Retractable hardtop convertibles are the answer for car owners who like driving convertibles but who live in areas where ragtops can wear quickly or prove otherwise troublesome (like leaking or freezing) in inclement weather.
The 2014 Lexus IS 350C hardtop convertible joined the increasing supply of retractable hardtops in 2010. The current 2014 edition is my vehicle for the weeklong USA Pro Challenge, a pro bike race from Aspen to Denver, Colorado.
The mountain drive from Snowmass Resort to Aspen is only about 7.5 miles, but it was warm and sunny Monday morning, so after a nearly a five-hour ride yesterday from Denver with the top up, a top-down ride seemed only right.
The Lexus IS 350C hardtop retracts electronically with a push-button to the left of the steering wheel. It took 22 seconds.
One common concern for those considering a convertible is the potential noise of driving with the top down. I drove the Lexus IS 350C primarily on a sweeping downhill mountain road to Aspen and then along city roads. The coupe offered a quiet convertible drive, with one exception.
With the stereo volume turned up and the top down, I had difficultly hearing the navigation instructions. I turned off the radio for the rest of the drive. The inconvenience, of course, may not have been as much about the wind rush of the Lexus as it was the increasing hearing difficulties of the middle-aged driver.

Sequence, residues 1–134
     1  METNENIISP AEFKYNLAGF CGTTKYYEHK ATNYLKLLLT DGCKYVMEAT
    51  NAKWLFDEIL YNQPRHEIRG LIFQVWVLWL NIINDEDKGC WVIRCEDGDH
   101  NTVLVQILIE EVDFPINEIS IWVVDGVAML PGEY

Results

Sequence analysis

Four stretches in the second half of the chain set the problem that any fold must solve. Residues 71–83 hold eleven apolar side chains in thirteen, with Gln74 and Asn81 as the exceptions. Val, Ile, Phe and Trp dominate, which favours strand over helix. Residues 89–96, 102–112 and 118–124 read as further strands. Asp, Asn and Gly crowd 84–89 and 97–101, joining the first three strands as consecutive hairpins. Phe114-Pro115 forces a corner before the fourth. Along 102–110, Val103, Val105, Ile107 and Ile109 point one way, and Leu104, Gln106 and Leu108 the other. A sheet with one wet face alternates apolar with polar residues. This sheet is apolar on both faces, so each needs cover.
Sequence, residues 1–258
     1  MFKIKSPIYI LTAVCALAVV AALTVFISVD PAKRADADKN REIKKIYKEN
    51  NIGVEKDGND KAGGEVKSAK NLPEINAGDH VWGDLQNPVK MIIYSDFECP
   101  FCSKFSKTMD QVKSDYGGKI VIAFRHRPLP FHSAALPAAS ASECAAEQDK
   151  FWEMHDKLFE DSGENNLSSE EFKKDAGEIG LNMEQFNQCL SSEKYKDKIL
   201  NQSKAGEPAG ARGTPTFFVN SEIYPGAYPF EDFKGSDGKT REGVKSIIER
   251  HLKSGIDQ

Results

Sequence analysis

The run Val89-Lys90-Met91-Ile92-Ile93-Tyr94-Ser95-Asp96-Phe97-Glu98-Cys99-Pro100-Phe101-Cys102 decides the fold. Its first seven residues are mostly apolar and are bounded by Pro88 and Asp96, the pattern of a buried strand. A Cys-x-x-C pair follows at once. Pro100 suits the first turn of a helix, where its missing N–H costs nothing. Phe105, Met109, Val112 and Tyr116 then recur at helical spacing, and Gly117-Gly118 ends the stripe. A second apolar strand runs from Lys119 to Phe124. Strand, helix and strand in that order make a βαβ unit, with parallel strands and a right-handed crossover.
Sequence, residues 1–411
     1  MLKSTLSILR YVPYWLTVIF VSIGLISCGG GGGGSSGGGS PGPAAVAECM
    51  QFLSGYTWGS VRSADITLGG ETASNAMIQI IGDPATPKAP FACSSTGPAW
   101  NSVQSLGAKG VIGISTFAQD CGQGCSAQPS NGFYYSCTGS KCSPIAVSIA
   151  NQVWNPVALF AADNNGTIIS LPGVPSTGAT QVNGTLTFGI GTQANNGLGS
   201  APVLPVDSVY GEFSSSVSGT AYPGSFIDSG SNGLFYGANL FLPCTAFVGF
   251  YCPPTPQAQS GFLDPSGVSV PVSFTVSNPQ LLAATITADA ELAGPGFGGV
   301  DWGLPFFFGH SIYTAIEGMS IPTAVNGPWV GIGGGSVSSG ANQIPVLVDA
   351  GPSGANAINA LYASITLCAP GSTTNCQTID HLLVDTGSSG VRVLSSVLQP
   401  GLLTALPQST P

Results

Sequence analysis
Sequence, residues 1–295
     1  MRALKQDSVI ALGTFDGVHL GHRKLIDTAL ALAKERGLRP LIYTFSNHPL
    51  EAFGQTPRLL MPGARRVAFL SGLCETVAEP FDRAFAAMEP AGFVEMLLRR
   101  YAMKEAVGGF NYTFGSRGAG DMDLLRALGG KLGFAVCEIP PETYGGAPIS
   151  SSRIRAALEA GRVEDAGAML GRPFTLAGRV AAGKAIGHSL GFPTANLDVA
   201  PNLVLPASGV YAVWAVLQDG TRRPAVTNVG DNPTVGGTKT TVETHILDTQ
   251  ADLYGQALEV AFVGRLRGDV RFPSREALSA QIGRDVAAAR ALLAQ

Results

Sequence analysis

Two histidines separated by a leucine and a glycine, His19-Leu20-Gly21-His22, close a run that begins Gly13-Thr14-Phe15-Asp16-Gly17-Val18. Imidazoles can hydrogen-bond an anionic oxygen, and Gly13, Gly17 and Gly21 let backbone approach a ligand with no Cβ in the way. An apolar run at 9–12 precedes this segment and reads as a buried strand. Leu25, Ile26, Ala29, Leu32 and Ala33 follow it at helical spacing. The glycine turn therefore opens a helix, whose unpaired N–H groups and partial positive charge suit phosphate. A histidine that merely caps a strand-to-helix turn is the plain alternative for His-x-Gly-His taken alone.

Another general concern for convertible owners, particularly those with retractable models, is a lack of available trunk space. Where does the top go when not in use?
The Lexus IS 350 C doesn’t have much trunk space with the top up. I travel light, usually with only on carry-on suitcase and a laptop bag. The items fit, but there’s a crossbar in the trunk that’s part of the convertible mechanism. The space isn’t large enough for a regular size suitcase or duffel bag.
With the convertible top down, there’s no space for an overnight bag, but my computer bag fit in the small remaining compartment.
Article Last Updated: August 18, 2014.
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A sports, travel and business journalist for more than 45 years, James has written the new car review column The Weekly Driver since 2004.
In addition to this site, James writes a Sunday automotive column for The San Jose Mercury and East Bay Times in Walnut Creek, Calif., and a monthly auto review column for Gulfshore Business, a magazine in Southwest Florida.
An author and contributor to many newspapers, magazines and online publications, James has co-hosted The Weekly Driver Podcast since 2017.